Buying one is also very easy, with various banks and e-wallets selling FASTag. You can also get them for free at any FASTag point-of-sale (PoS) at several NHAI toll plazas and fuel pumps.


To get one at any PoS location, you need to provide your vehicle’s registration certificate, recent passport size photograph, and KYC documents like driving license, PAN Card, passport, Aadhaar card, and voter identification card.


Benefits of FASTag

If you buy the FASTag from a PoS location, it is free, and you just have to pay the deposit and minimum recharge amount. If you buy it from a bank or a mobile wallet, you may be charged Rs 100 over the minimum recharge and deposit amount.


The refundable security deposit is Rs 200 while the minimum recharge amount varies between Rs 100 and Rs 200, depending on where you are buying the tag from.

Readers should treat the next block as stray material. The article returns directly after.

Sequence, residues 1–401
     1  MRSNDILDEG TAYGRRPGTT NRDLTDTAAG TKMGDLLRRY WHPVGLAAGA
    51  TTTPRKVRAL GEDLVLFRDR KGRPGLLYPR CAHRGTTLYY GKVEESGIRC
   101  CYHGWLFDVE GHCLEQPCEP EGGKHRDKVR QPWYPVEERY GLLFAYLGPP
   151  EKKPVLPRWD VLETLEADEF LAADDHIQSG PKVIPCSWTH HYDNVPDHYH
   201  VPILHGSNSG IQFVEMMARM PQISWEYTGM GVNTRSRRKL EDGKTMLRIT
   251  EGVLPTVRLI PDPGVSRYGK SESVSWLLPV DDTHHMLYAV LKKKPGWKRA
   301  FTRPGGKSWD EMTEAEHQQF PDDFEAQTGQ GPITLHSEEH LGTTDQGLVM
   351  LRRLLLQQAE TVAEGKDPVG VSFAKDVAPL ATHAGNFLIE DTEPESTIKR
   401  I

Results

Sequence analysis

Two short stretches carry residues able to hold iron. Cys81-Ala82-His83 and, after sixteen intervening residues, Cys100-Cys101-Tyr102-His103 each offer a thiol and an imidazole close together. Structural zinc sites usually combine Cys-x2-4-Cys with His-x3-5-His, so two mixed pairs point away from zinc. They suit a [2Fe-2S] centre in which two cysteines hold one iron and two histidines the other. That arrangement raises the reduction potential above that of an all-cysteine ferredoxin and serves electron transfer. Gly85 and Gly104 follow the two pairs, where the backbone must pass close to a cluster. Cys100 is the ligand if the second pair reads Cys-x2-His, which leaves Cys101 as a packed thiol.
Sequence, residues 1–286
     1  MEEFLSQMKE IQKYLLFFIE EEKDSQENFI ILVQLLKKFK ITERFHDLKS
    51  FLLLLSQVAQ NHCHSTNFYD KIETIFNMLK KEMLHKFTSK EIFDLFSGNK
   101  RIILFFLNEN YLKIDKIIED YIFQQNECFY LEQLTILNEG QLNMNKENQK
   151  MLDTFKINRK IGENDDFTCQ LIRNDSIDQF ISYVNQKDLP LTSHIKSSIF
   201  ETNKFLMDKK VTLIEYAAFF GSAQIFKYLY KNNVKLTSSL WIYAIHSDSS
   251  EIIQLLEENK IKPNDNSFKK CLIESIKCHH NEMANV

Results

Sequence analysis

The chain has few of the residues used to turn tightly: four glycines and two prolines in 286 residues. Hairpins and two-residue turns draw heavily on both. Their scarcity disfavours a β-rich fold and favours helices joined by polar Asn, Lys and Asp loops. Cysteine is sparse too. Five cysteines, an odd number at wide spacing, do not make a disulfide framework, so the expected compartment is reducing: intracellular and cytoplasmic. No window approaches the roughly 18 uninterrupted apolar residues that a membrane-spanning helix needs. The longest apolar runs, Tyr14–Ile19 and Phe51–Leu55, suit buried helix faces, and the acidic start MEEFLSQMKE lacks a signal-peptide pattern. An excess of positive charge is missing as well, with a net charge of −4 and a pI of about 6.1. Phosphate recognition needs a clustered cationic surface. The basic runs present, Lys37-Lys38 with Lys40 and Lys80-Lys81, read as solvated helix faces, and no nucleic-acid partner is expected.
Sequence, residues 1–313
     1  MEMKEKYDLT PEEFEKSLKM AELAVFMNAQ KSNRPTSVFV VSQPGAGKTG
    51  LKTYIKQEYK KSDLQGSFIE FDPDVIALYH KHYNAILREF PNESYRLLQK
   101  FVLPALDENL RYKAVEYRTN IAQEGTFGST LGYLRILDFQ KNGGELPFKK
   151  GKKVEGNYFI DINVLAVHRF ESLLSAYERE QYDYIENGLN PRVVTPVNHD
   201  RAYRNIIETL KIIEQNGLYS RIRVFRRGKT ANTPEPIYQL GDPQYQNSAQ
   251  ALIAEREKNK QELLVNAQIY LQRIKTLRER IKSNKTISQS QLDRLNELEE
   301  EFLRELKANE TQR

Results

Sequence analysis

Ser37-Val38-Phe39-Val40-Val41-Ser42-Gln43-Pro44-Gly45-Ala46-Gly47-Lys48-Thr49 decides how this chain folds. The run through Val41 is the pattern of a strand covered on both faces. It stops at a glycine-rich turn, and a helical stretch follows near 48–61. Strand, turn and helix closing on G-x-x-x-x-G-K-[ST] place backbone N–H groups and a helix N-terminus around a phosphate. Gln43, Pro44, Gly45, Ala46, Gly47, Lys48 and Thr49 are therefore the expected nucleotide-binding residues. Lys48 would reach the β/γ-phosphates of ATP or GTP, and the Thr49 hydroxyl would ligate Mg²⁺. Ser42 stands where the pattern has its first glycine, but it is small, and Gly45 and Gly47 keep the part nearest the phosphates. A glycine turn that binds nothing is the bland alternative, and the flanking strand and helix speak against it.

If you are buying a new car, the dealer will procure the FASTag for you.


As a global economy, India cannot miss the digital wave that has taken over the world. Moving forward, we shall be looking at seamlessly connected ecosystems. FASTag is a step in this direction.


The government has also installed electronic surveillance systems, meaning it will be harder to get away with lawbreaking. Now, you will get an e-Challan to electronically pay your fines and ensure your vehicle isn’t impounded.

Limited challenges and tons of potential

Earlier this year, we had the opportunity to test this system while driving from Delhi to Mumbai. We have also been using this system for short drives outside Delhi since April 2018 and interestingly, we only faced a handful of issues.